Copyright 1998 American Medical Association. All Rights Reserved. Applicable FARS/DFARS Restrictions Apply to Government Use.1998
I read the article by Froehlich et al,1 and found that their approach to drainage of an opacified ethmoid sinus and subperiosteal orbital space is direct and easily accessible through the bulla ethmoidalis and the lamina papyracea. However, their criteria for patient selection for surgery is concerning. Not every patient with subperiosteal orbital abscess and associated sinus disease needs surgical drainage. Specifically, Harris2 has reported that age is a risk factor in response to treatment of a bacterial subperiosteal abscess: 83% of patients younger than 9 years cleared without surgical drainage. Serial clinical and radiographic examinations should guide therapy. Criteria for surgery should include worsening visual acuity, development of an afferent pupillary defect, progressive proptosis, decreased ocular motility (not orbital mobility), and increased intraocular pressure secondary to orbital compression. Progression showed on a computed tomographic scan of the abscess may not be predictive of final outcome.3 Patients with subperiosteal orbital abscess and sinus disease should be comanaged by ophthalmologists and ear, nose, and throat surgeons.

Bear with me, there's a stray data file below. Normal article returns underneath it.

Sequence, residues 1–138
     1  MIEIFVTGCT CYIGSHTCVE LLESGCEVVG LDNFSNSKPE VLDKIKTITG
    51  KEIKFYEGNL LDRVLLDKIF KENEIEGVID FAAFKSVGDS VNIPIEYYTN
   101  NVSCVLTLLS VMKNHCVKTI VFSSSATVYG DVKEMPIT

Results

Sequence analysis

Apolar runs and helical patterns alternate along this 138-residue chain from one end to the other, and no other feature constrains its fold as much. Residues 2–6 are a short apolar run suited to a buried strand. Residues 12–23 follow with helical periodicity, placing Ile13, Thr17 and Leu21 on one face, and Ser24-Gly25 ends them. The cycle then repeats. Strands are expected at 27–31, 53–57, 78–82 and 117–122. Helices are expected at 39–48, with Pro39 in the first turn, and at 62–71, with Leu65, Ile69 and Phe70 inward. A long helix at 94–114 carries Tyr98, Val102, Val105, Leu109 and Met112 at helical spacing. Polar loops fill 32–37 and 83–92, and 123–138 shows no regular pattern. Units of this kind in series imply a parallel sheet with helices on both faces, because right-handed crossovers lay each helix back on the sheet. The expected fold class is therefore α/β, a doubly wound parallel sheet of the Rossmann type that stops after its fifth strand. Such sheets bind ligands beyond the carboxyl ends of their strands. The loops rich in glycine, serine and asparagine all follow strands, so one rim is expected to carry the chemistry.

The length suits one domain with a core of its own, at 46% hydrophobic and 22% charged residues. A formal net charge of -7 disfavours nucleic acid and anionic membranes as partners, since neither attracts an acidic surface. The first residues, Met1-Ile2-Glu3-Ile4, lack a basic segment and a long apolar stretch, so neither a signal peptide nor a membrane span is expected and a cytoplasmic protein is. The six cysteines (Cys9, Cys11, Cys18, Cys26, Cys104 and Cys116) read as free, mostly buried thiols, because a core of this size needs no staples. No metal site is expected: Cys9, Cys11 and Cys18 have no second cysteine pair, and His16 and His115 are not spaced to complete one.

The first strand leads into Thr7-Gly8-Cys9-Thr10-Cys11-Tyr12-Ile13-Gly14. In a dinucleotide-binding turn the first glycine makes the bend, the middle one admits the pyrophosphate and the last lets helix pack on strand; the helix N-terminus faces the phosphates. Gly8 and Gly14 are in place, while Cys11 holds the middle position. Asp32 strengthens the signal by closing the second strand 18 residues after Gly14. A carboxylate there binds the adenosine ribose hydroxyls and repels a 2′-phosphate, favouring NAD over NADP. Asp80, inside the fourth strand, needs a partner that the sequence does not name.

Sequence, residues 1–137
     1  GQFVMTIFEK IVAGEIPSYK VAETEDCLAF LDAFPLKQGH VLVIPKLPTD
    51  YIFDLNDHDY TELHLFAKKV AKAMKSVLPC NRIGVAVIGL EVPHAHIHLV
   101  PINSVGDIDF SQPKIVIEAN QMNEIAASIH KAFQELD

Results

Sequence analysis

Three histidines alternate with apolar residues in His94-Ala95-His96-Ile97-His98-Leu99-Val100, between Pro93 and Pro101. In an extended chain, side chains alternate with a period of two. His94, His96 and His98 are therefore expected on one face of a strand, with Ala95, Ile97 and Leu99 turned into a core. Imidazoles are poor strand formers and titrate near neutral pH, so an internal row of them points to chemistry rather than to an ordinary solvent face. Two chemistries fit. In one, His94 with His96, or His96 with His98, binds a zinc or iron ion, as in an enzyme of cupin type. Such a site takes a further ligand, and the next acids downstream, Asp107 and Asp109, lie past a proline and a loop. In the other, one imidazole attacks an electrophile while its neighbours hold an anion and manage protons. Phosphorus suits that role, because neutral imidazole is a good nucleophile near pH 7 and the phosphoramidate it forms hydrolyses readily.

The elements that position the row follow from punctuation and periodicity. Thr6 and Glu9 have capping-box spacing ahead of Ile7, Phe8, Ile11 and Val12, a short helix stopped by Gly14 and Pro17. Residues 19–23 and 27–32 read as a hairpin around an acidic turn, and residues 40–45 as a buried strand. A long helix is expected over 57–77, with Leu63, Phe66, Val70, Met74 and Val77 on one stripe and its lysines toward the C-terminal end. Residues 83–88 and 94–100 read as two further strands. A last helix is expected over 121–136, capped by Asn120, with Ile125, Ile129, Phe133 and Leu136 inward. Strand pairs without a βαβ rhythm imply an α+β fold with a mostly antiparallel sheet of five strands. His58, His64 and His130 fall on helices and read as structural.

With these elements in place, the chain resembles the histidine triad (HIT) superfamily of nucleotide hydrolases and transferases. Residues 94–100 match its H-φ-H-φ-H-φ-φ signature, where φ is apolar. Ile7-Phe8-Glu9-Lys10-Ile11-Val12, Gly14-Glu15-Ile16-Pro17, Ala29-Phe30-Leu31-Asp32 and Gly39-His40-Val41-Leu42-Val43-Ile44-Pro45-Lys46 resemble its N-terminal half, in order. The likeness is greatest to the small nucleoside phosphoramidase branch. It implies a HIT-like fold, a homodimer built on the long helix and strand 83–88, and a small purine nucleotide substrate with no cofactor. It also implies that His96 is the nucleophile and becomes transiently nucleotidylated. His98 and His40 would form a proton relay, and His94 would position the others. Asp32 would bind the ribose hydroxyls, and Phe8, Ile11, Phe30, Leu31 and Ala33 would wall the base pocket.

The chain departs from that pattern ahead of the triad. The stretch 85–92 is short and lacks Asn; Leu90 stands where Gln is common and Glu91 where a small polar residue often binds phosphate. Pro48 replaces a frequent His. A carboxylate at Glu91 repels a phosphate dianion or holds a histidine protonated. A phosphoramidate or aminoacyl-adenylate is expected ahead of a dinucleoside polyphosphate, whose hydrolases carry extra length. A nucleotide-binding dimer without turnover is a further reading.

Burnstine MA. Minimal Endoscopic Approach. Arch Otolaryngol Head Neck Surg. 1998;124(6):711. doi:10.1001/archotol.124.6.711